The island nation is a land of contrasts: Beauty and deprivation, renovation and abandonment, an alienated church and grassroots growth.

By Matthew Townsend

Cuba is complicated. Visitors to Cuba hear this refrain over and over again as they try to wrap their minds around a society that is unlike any other in Latin America or, for that matter, the world.

Likewise, the Episcopal Church of Cuba is complicated. The church, split from the Episcopal Church in 1966 after relations between Cuba and the United States soured, is governed by a council consisting of Presiding Bishop Michael Curry, Archbishop Fred Hiltz of Canada, and Archbishop John Holder of the West Indies. The Rt. Rev. Maria Griselda Delgado del Carpio, Bishop of Cuba, was appointed by the council in 2010 after the Cuban church failed to elect a bishop coadjutor in 2009.

Success in connecting Episcopal churches in the United States to Cuban Episcopalians depends on creating relationships between Americans and Cubans in general. Only in recent years have Americans been free to visit Cuba legally, with relaxations in the embargo that allow U.S. citizens to visit for educational reasons. Programs like the Authentic Cuban Experience, coordinated by Florida-based Educational Opportunities Tours and Celestyal Cruises of Greece, offer secular tourists and religious pilgrims a guided journey to several locations on the island. Celestyal Cruises and Educational Opportunities have also invited travel and religion writers to tour Cuba at no cost, an invitation TLC accepted in May.

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Expectations abound among Americans who make the journey. Cuba does not occupy a neutral space in the minds of Americans: it is the land of rum and cigars, a land of toil, a workers’ paradise, a corrupt dictatorship, a place that stood up for the poor, a place that stole the life’s work (and lives) of so many innocents.

Jorge Arrocha, a citizen of Cuba and an academic who lectures on Cuban history and culture aboard Celestyal’s voyages, focuses on cultivating such relationships. Arrocha delivers lectures about Cuba — everything ranging from its general history to the cultural significance of rum — as the cruise line’s vessel circumnavigates the island. Many crew members aboard the ship are Cuban citizens, further adding to a sense of immersion.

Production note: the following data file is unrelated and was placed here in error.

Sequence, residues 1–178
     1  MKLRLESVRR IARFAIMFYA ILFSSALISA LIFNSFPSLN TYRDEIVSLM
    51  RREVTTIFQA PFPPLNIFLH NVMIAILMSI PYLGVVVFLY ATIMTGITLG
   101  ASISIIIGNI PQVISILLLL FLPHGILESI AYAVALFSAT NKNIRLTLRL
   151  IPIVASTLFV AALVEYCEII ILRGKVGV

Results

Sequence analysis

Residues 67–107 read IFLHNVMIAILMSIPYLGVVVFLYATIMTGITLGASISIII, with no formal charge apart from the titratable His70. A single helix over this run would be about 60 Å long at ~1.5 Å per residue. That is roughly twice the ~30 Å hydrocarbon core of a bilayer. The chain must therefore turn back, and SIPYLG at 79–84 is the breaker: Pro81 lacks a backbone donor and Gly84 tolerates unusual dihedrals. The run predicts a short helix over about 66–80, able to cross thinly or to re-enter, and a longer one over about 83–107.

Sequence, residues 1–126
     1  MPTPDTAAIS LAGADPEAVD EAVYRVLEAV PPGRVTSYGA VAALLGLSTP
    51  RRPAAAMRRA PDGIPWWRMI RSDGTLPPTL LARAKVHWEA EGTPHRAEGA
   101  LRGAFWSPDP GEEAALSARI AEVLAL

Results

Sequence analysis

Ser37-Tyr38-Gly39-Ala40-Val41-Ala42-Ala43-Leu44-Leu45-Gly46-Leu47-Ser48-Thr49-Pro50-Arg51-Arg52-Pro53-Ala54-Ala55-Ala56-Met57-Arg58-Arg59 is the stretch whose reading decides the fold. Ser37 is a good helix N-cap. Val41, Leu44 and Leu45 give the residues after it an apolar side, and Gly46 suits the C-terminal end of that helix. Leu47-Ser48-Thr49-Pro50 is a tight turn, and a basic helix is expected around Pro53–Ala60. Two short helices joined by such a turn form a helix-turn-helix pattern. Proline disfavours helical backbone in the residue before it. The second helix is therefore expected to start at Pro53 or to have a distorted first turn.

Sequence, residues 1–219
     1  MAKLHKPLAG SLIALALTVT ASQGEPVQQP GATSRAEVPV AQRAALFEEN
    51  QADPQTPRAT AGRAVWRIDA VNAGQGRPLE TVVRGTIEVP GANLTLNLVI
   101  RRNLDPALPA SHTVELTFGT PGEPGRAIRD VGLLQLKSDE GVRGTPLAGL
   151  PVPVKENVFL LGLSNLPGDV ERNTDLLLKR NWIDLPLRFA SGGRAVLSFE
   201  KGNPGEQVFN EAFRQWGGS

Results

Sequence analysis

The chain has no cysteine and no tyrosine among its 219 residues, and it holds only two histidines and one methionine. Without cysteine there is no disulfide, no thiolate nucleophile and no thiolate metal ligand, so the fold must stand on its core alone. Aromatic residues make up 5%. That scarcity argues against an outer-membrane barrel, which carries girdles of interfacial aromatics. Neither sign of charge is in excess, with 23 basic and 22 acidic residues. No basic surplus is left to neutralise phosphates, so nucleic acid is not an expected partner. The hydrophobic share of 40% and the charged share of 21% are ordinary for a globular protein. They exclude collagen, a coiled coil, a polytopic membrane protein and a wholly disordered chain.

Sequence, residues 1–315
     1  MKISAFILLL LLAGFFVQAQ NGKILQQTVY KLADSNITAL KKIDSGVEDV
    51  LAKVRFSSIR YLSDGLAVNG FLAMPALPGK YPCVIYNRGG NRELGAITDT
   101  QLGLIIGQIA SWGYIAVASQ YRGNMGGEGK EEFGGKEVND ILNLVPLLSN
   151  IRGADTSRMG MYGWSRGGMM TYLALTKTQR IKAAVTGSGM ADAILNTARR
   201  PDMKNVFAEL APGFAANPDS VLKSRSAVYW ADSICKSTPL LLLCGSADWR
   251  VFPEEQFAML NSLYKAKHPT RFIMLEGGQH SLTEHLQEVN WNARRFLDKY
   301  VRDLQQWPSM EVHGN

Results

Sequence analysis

Arrocha told TLC that the complex layers of Cuban society can make it difficult for Americans to understand the

country. “On the one hand, you have the Cuban people,” he said. “The common people really want change and transition, normalization with the U.S. They’re waiting there for you on the street with their arms open.”

Another layer is the Cuban government, he said, in which dialogue is focused on programming — what to  show and how to show it. While Arrocha does not explicitly avoid political topics, he places heavier emphasis on cultural and historical exchange. The nature of Cuba’s government is apparent and self-evident upon visiting: it is frequently present, whether in the form of uniformed officials or propaganda posters. Passengers’ belongings are X-rayed at each port as they come and go from the ship. Cuba does not feel like a police state crawling with minders, but it does not feel like a free state, either.

Visitors’ experience of Cuban citizens — who are often friendly and will readily engage in conversation on the streets — and the Cuban government can come into conflict with their expectations. A potential trap: playing to a paradisiacal vision of what Arrocha calls “the plastic Cuba” to visiting foreigners, in which “Cuba is the island of the cigars, Cuba is the island of the rum, Cuba is the island of mulattas and mulattos dancing salsa on the beach.” Part of introducing Americans to Cubans involves showing the history and change present in the country, including more relaxed attitudes about religion and LGBT people that have emerged in the last few decades.

A desire to “see Cuba before it changes” often motivates visiting Americans. Arrocha described this as a mix of fear about an encroachment of McDonald’s and the belief that a transition to a capitalist system is inevitable. These possibilities were on Sarah Kirchman’s mind. Kirchman, who worships at St. David’s Church in Columbia, South Carolina, joined Roman Catholic friends Arlene Rowland and Freda Crawford for Celestyal’s journey in mid-May. Like everything else in Cuba, the portents of change are complicated.

“I’ve been really surprised,” Kirchman told TLC aboard Celestyal Crystal. “They really are making progress as far as the renovations and the updating and the remodeling of some of the buildings. But we’ve all talked about how we’ll see two or three buildings that look really great, and then five or six next to them, obviously built in the ’50s, are just about ready to fall.”

Rowland, who organized their trip as an opportunity to see the “real Cuba” with the concern that the island could again close to tourists, said the change she saw was hit and miss. A frequent traveler, she said the poverty in Cuba was less pronounced than she had seen in Vietnam or Cambodia, “but it’s still poverty.”